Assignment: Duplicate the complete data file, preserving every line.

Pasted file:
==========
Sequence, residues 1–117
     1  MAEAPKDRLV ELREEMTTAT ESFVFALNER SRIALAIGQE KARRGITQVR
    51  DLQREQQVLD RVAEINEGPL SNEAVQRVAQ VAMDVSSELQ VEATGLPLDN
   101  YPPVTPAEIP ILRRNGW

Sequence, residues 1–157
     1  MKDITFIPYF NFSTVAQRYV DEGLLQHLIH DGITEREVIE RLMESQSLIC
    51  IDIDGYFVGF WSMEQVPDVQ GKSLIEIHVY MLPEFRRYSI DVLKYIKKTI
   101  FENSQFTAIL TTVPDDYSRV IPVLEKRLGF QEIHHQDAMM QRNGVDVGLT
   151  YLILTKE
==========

Sequence, residues 1–117
     1  MAEAPKDRLV ELREEMTTAT ESFVFALNER SRIALAIGQE KARRGITQVR
    51  DLQREQQVLD RVAEINEGPL SNEAVQRVAQ VAMDVSSELQ VEATGLPLDN
   101  YPPVTPAEIP ILRRNGW

Sequence, residues 1–157
     1  MKDITFIPYF NFSTVAQRYV DEGLLQHLIH DGITEREVIE RLMESQSLIC
    51  IDIDGYFVGF WSMEQVPDVQ GKSLIEIHVY MLPEFRRYSI DVLKYIKKTI
   101  FENSQFTAIL TTVPDDYSRV IPVLEKRLGF QEIHHQDAMM QRNGVDVGLT
   151  YLILTKE